Before the invention of computer-aided design illustrators used art to bring stories to life.
I use a style of illustration contemporary to the time being written about in the pages of articles or books.
Brushes, pencils, watercolours and pens were part of an illustrator’s kit in the 19th century, goache and photography for the 20th.
Barnett Bibbero was Mira’s grandfather. Alive in the mid to late 19th Century until the early part of the 20th he was a well-known Freemason. A keen sportsman he rode early Norton motorbikes through the streets of Hull.
His portrait pictures him in 19th century Freemason’s costume.
Illustrations using simple pen and ink was a technique widely used in the years Barnett was alive.
Illustrating Vintage Fashion
The earliest depiction of fashion happened using woodcut and block printing then, as clothes became a significator of status portraiture showed opulent designs but it was in the 20th century fashion illustration had its golden age.
In the early part of the century newspapers and magazines exploded with brightly coloured artwork, paper sewing patterns also until in the 1950s and 1960s art was gradually replaced by photographs and the style seen today. Pictured in black and white, the illustration was created in watercolours, pencil and ink.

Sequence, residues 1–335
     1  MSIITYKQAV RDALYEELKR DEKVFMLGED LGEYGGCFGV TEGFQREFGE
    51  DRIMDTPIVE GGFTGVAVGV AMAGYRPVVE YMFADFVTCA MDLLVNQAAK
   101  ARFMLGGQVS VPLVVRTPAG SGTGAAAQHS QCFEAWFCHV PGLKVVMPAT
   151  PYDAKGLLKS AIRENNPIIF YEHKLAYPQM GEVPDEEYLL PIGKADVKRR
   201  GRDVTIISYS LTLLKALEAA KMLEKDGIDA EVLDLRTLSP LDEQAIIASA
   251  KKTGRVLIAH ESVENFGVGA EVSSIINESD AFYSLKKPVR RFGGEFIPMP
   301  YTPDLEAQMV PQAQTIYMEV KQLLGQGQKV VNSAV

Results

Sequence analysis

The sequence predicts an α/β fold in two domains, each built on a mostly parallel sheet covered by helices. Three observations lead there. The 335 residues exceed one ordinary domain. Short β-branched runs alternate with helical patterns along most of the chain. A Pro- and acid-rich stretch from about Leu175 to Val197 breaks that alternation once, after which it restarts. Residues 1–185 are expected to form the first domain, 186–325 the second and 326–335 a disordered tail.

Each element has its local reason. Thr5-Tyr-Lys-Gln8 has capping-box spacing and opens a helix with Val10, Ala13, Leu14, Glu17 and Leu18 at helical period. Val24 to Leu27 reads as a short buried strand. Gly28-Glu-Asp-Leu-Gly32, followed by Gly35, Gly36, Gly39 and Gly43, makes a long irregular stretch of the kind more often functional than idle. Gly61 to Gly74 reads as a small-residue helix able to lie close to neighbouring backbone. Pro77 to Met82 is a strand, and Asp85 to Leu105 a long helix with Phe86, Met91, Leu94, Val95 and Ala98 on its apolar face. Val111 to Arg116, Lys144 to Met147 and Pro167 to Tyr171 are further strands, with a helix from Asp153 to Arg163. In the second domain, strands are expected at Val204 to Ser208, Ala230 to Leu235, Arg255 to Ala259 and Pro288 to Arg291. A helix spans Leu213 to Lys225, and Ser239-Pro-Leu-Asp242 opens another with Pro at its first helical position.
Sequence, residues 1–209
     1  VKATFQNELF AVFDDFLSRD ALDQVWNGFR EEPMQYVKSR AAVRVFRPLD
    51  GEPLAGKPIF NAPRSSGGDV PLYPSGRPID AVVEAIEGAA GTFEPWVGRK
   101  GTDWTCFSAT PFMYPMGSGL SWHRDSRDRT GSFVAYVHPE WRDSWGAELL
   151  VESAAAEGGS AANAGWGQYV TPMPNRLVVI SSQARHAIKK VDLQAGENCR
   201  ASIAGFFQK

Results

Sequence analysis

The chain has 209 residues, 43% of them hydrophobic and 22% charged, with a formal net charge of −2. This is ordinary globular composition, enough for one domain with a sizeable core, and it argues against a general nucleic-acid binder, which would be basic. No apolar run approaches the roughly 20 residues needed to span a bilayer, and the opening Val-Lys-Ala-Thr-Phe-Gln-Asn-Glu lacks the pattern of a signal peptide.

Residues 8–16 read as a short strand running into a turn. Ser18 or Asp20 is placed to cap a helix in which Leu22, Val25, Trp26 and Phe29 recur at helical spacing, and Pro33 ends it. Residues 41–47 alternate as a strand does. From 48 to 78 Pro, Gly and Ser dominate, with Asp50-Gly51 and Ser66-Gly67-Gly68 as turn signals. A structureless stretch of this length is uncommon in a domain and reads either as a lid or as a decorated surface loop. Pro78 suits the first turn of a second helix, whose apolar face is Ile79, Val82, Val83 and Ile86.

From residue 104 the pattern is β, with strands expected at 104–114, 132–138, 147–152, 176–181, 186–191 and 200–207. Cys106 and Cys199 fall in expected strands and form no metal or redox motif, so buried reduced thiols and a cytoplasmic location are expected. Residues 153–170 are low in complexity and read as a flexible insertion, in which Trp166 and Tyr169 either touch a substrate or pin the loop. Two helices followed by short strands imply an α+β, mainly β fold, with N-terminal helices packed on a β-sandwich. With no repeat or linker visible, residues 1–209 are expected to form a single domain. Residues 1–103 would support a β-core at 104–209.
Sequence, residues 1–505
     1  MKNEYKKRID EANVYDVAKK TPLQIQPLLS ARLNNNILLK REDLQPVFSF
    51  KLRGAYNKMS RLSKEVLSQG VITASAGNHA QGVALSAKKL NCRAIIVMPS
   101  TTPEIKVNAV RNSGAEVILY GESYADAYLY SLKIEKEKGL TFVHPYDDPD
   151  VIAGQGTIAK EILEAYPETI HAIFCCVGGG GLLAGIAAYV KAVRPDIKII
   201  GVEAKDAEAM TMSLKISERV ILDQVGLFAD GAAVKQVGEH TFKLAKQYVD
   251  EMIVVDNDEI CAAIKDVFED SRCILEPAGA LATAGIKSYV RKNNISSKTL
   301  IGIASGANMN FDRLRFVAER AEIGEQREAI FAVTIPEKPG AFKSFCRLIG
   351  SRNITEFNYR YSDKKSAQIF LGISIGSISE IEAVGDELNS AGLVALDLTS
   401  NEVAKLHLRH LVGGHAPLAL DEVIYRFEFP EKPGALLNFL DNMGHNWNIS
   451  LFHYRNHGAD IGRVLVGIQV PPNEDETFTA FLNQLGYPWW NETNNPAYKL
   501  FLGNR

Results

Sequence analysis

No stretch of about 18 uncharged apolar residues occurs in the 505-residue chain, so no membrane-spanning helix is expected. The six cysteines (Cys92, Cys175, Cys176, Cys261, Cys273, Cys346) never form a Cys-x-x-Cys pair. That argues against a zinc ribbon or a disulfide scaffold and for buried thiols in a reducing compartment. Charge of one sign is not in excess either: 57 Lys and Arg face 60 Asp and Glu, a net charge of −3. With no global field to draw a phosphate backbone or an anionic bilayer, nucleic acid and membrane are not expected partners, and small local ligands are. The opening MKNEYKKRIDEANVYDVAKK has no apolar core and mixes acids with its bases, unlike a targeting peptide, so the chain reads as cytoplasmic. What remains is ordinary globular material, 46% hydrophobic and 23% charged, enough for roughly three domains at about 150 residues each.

“The art of fashion is as important to get right as the book’s content. A drawing has to show an outfit accurately but also suggest an atmosphere sympathetic to the era in which the original outfit was worn or seen in the pages of newspapers or magazines.”
For many years photographers were not allowed to take photos in couture fashion shows. As a result late 1940s photography mixed with black and white and coloured hand-drawn renditions of outfits like that which originally advertised this Spectator Sports outfit for sale.